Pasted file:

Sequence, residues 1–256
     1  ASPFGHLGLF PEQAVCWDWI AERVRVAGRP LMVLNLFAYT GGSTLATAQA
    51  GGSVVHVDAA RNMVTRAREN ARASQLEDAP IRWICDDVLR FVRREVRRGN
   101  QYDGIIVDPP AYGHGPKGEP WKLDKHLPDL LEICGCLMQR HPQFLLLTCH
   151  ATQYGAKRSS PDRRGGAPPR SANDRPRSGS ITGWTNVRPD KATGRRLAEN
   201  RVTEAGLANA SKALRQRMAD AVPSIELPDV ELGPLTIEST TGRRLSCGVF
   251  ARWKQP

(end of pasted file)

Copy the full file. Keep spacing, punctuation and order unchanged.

Sequence, residues 1–256
     1  ASPFGHLGLF PEQAVCWDWI AERVRVAGRP LMVLNLFAYT GGSTLATAQA
    51  GGSVVHVDAA RNMVTRAREN ARASQLEDAP IRWICDDVLR FVRREVRRGN
   101  QYDGIIVDPP AYGHGPKGEP WKLDKHLPDL LEICGCLMQR HPQFLLLTCH
   151  ATQYGAKRSS PDRRGGAPPR SANDRPRSGS ITGWTNVRPD KATGRRLAEN
   201  RVTEAGLANA SKALRQRMAD AVPSIELPDV ELGPLTIEST TGRRLSCGVF
   251  ARWKQP